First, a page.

Early Flashers, Mr. & Mrs. Hudsonbehler
1. Zap

Well, the Internets are telling me that this was named after a coal mining town in Scotland called Zapp.  I’m having a hard time believing that one though.  My guess is we’re back to surnames again – in this particular instance, probably the German Zapf.  That means “bung,” or “stopper,” and signals someone who owned a tavern, or perhaps was just a big boozer.
Coal is big here though.  This town of 240, a little northwest of Bismarck, has coal mines, a coal power plant, and a coal gasification plant. 
What Zap is famous for, however, is the Zip to Zap.  This was basically a student happening in 1969, where long-haired hippie freak types were encouraged to converge on this tiny town in the middle of nowhere.  The 2,500 or so students / trouble-makers soon got out of control, and the National Guard was called in to settle things down – the only time that ever happened in sleepy and law-abiding North Dakota.
Run, here they come!
Honorable Mention:

  • B-o-r-i-n-g – Valley City, Woods, New Town
  • Short & sweet – Mott, Kief, Kulm, Ayr, Jud
  • Just a little out of place – Nome, Grand Rapids, Ypsilanti, Michigan, Cleveland, Erie, Niagara, Buffalo, Cooperstown, Scranton, Trenton, New England, Jamestown (world's largest buffalo), Raleigh, Palm Beach, Alamo, Havana, Cuba, Lisbon, Wales, Wimbledon, Glasgow, Hague, Hannover, Strasburg (Lawrence Welk birthplace), Munich, Bremen, Berlin, Dresden, New Leipzig, Warsaw, Petersburg, Palermo, Verona, Crete, Perth, Brisbane, Sydney, Walhalla (oldest building in ND)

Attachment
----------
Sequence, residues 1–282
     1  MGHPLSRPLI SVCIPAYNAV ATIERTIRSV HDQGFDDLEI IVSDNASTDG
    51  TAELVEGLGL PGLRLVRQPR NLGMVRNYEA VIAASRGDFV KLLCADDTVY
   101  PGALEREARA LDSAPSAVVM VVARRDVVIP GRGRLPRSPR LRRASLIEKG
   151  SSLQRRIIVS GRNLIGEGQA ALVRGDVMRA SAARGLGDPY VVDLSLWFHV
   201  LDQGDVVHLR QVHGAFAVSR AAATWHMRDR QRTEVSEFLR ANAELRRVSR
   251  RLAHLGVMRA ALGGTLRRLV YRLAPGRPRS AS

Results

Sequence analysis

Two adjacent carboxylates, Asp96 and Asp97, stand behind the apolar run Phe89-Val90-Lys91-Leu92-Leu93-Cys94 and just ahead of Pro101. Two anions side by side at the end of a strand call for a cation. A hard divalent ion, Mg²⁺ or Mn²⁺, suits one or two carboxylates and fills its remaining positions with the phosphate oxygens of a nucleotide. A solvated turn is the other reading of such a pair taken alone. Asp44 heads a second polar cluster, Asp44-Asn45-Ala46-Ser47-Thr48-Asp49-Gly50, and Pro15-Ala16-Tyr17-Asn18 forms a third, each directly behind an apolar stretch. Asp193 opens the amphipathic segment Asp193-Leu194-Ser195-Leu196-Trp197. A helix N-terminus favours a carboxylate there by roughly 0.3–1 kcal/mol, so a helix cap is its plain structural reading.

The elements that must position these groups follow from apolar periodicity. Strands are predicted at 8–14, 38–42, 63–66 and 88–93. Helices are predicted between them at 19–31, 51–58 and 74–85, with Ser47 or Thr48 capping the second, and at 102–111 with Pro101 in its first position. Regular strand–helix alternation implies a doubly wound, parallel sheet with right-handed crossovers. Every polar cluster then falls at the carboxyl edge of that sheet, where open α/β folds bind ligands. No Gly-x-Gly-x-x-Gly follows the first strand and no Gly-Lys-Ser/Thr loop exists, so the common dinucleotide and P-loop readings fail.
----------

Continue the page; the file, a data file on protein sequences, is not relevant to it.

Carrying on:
• Orthographically challenged – Hamberg, Tokio, Pekin, Mylo, Mantador, Gardena, Dazey, Sawdwood, Skaar
  • Just a little off color – Buttzville
  • Numerically oriented – Four Bears Village, Four K’s Estate
  • Atypical adjectives – Cavalier, Fried
  • Unconventional verbs – Huff
  • Abnormal nouns – Price, Page, Portal, Plaza, Beach, Bluegrass, Crocus, Crystal, Regent, Rugby (geographical center of North America), Wing, Antler (world's largest historical quilt), Towner, Trotters
  • Fun to say – Tuttle, Gackle, Fingal, Fargo, Pingree, Pembina, Grenora, Gwinner, Guelph, Golva, Velva, Backoo, Alkabo, Anamoose, Marmarth
  • Hard to say – New Hradec, Omemee
  • Just plain weird – Fryburg, Spiritwood, Pick City, Town and Country, Inkster, Devils Lake, White Shield, Wild Rice, Scenic East (it's on the border with Montana), South Heart, Bonetrail
  • I’d like to introduce you to – Alice, Olga, Norma, Ray, Leroy, Leonard, Max, Burt, Barney, Clyde, Calvin, Arthur, Alfred, Milton, Horace (ND's largest tree), Hamlet, Voltaire, Bismarck, Glen Ullin, Raymond Lee
  • Ghost towns – Lark, Lostwood, Turtle, Expansion, Deep, Kidville